What is Low Testosterone (Low T)?Wednesday, November 20, 2013
We’ve all been bombarded by the ads on TV of sad middle-aged men that are tired. Tired and they can’t get erections and have a decreased libido (sex drive). Then there’s a promise of a virtual “fountain of youth” in the form of a daily gel applied to the underarm, groin, or shoulders…sometimes all three. Sad man turns into happy, newly moustached, fully-restored man that can now throw a football again.
Low Testosterone is not a new medical diagnosis, but there just so happens to be four relatively new brands of testosterone gel, all vying for your (or your insurance company’s) dollars, hence the deluge of direct-to-consumer advertisements.
It’s important to remember that Low Testosterone is a lab value. If your testosterone is found to be abnormally low and you have symptoms, you could be a candidate for testosterone replacement therapy. Amazingly, over 25 percent of men prescribed testosterone replacement have not had their blood testosterone levels checked!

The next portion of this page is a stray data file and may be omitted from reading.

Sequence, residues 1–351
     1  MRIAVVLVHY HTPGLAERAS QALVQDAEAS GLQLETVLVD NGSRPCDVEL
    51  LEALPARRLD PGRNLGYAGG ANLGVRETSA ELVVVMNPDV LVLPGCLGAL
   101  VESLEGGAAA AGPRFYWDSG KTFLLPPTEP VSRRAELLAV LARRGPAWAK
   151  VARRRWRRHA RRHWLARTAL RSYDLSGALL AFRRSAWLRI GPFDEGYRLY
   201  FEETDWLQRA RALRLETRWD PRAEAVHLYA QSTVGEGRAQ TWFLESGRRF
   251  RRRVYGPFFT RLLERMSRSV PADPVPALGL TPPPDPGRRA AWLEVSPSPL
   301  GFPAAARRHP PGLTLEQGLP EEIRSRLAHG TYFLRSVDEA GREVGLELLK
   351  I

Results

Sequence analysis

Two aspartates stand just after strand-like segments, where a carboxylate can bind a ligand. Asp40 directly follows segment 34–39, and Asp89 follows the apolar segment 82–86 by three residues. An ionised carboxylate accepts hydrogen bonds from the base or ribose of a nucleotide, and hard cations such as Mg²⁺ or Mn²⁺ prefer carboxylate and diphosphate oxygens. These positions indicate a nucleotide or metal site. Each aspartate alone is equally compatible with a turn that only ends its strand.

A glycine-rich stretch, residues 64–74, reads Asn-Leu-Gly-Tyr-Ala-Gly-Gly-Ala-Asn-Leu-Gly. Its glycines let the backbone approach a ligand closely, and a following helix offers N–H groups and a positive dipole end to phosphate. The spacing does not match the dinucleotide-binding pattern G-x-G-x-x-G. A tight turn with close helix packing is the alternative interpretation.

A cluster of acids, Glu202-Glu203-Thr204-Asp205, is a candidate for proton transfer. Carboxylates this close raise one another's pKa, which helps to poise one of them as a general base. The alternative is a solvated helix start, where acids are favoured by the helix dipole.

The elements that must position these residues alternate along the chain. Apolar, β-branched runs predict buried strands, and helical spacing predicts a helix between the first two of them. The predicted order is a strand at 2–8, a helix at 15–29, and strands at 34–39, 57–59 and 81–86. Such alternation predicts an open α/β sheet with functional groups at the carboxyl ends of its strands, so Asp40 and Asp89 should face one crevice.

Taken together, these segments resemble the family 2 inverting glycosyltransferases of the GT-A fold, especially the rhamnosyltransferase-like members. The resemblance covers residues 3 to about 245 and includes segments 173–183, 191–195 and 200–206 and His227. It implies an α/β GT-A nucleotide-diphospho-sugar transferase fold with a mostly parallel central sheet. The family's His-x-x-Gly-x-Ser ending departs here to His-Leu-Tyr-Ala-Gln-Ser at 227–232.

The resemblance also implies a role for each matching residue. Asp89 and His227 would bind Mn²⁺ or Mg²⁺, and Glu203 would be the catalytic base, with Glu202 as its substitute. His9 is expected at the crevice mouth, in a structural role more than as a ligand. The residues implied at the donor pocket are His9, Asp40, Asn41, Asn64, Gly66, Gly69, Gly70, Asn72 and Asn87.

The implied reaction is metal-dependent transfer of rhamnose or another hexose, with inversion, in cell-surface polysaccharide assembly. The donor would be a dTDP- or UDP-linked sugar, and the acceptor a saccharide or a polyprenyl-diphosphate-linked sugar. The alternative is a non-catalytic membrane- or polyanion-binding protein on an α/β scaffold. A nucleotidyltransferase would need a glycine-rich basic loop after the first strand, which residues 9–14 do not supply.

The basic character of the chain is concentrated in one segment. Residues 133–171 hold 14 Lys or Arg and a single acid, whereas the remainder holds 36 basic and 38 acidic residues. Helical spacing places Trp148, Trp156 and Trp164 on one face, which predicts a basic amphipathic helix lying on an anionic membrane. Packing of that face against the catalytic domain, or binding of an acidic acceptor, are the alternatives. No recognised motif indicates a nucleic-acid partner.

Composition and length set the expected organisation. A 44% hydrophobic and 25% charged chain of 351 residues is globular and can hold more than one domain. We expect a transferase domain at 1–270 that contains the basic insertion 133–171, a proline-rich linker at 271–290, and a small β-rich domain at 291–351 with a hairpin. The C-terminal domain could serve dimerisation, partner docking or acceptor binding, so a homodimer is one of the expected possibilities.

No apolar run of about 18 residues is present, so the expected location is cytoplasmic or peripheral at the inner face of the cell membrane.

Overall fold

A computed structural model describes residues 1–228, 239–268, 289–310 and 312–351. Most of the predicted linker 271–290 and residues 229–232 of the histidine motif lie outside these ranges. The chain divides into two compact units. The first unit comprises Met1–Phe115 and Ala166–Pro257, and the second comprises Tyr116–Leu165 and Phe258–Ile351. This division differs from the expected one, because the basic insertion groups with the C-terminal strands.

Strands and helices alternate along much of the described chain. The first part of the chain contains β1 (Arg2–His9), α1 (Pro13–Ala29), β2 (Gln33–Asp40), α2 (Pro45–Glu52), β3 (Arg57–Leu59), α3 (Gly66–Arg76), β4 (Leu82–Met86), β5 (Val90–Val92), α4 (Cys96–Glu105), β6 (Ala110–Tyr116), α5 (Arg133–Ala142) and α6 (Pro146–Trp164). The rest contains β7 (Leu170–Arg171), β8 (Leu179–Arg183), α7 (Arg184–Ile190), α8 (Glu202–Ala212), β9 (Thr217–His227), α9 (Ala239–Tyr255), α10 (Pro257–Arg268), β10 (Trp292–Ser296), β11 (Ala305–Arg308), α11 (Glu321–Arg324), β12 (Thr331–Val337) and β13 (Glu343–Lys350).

The symptoms of low testosterone include decreased libido, erectile dysfunction, difficulty recovering from exercise, decreased muscle mass, and decreased energy or “get up and go.” As you can see, many of the symptoms of low testosterone overlap with other unrelated conditions.
If you’re meeting with your primary care physician for an annual physical, do not assume that testosterone will part of the normal panel of labs. This is a separate, specific test done only in situations of men that are symptomatic. If you do have your lab work done, make sure to have your T checked within three hours of waking. This guarantees an accurate reading when your T is at its highest (there’s a scientific explanation for morning wood!) Usually there are follow up labs to determine if there is any other correctable cause to the low testosterone.
There are several potentially harmful side effects to testosterone replacement therapy. These may include fueling the growth of prostate cancer, worsening urinary symptoms related to enlarged prostate, and potentially an increased risk of cardiovascular disease. The effects of treating large populations of men with testosterone has not been extensively studied. In addition to the physiological side effects, testosterone gel is usually pretty expensive, so keep that in mind if you’re considering therapy.
As much as there is controversy to diagnosing and treating men with low testosterone (for good reason) some men truly benefit from carefully directed therapy.